Search Engines Are the #1 Way to Find Local Products

3D map with map pin

The thing you’re searching for may be closer than you think.

Buy local. Eat local. Support local businesses.

Within the last few years, there’s been a notable resurgence of local commerce—an emphasis on promoting community and harnessing the resources we have at hand. It’s a noble pursuit, often challenging the facelessness of mega-corporations and bringing visibility back to small businesses.

And Google is leading the charge.

As we’ve previously mentioned on our blog, local search is quickly becoming the standard for both mobile and desktop. As individuals continue to ask questions - and the power and ubiquity of smartphones continue to rise - so too has the influence of local solutions.

Sound like marketing jargon? Here’s an easy visual:

You pulled something in your back recently and it hurts. You reconcile that you need to find a chiropractor. There’s a good chance—and by good, we mean 87%—that you’re going to type in “chiropractors in [your city]”. You’re not thinking in terms of chiropractors in the world, in the U.S., or even in your state. You’re looking for chiropractors within just a few miles of you—and good ones at that.

The Local Search Market is Growing...Fast

In a March 2017 study, marketing research company Burke partnered with the Local Search Association (LSA) and put together a report using a survey of U.S. Internet users. What they found was both surprising and compelling.

They discovered that when consumers searched for local products and services…

  • 80% of respondents considered using a search engine to be their top choice
  • 80% said they had used a search engine within the last week
  • 37% considered search engines to be their most trusted source
  • 32% determined search engines to be the most accurate
  • 24% found search engines to be their preferred source when ready to purchase

It’s becoming evidently clear that consumer behavior is changing dramatically, shifting further and further into the digital space as these stats continue to grow.

Understanding a Shifting Digital Landscape

In December of 2002, Google released what we now know today to be Google Shopping. It focused on merchant-submitted product prices and was monetized through AdWords advertising. In 2012, this digital product took a shift and instead began listing products, prices, physical locations, and company websites in exchange for a listing fee.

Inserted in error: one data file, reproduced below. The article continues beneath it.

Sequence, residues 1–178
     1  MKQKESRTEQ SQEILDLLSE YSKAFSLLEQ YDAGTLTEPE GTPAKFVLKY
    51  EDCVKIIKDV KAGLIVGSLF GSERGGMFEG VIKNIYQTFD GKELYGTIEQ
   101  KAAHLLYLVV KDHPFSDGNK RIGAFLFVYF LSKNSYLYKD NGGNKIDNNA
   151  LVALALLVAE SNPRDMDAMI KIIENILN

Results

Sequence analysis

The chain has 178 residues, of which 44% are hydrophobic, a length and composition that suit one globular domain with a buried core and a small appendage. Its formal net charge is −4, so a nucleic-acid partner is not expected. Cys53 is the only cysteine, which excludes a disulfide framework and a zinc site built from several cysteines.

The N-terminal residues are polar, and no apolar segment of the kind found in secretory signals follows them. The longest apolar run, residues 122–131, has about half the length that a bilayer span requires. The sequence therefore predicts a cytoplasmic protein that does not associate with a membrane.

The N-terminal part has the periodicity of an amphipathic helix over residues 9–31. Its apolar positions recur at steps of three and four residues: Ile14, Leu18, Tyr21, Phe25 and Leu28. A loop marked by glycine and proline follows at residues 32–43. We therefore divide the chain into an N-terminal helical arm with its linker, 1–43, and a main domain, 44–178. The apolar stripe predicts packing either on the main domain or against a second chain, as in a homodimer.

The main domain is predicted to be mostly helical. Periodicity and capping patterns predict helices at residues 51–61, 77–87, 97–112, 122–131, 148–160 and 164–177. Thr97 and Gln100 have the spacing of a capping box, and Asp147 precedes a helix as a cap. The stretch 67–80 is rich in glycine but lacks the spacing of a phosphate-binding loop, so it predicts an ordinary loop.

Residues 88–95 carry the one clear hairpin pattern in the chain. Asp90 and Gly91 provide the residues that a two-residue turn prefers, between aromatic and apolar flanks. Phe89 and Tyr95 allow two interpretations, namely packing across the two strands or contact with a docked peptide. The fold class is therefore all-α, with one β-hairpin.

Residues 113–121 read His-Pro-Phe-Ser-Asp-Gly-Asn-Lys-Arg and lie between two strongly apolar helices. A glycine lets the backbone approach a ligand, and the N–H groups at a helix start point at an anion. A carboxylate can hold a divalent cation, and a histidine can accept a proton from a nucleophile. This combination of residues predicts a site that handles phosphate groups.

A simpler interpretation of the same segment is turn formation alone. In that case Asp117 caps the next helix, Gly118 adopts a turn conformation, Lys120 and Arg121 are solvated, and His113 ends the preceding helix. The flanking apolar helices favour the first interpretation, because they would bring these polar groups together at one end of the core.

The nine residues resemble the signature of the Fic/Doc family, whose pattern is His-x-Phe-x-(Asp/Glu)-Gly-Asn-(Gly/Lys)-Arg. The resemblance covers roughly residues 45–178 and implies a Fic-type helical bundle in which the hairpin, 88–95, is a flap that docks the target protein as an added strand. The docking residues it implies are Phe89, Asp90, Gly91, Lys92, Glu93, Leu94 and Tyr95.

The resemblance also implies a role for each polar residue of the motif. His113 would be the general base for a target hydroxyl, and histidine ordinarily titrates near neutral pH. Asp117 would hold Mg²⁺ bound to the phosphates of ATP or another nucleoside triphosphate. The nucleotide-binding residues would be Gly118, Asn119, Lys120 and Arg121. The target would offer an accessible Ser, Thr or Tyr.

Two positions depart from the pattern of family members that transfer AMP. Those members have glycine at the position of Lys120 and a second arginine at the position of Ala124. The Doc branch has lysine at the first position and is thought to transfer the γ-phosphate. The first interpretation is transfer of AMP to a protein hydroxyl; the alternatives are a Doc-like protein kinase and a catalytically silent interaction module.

Today, you can look through Google Shopping, type in “sunglasses for men,” and be immediately taken to a shopping grid of all sunglasses for men, their prices, and any physical locations within your immediate area where they can be purchased.

Through Google algorithm updates like Pigeon in 2014, retail commerce is gradually shifting to the digital landscape.

It makes sense when you consider these stats:

  • 82% of smartphones users use a search engine when looking for a local business

  • 92% of those who searched on their phone made a related purchase

  • 50% of consumers who performed a local search on their smartphone visited a store within a day, and 34% who performed a search on a desktop computer or tablet did the same

All of which points to an increasing reliance on smartphones to find solutions to our daily needs and questions.

With that understood, the question then becomes…

What Does This Mean for Small Businesses Moving Forward?

In short, adaptation is key. Given that local search is rising quickly as the standard of consumer search behavior, businesses large and small should prioritize their website optimization with an emphasis on local SEO.

Regardless of size, the philosophy of any business moving forward should be to provide quality products and services to those in their area—and marketing themselves thusly. In Google’s Pigeon update, there was a notable shift in the way local businesses were ranked. This change placed a heavy focus on a business’ user reviews, relevance, and proximity, meaning that only the closest and most popular businesses have the potential to make it into Google’s coveted 3-pack--the three organically generated local listings that appear with the map in the search results.

Here are 3 tips to remember about local marketing:

1. Take control of your online presence and make sure all information about your business is accurate (your business name, address, hours, telephone number, website URL, etc.).

2. Reach out to other local businesses for opportunities to form real relationships within your community.

3. Manage your online reputation as much as possible. A 4-star review can move even the most skeptical, while a 2-star can send the most optimistic running before you ever get a chance to meet them.

Untangling the importance of local SEO optimization can be a tall order, but its prevalence in the realm of search is here to stay.

At Scorpion, we’ll take on the heavy lifting, helping you navigate the intricacies of Internet marketing so you can focus on what’s truly important:

Growing your business.

Contact Scorpion today to find out how a shift in your local SEO strategy can bring you more business from the Internet.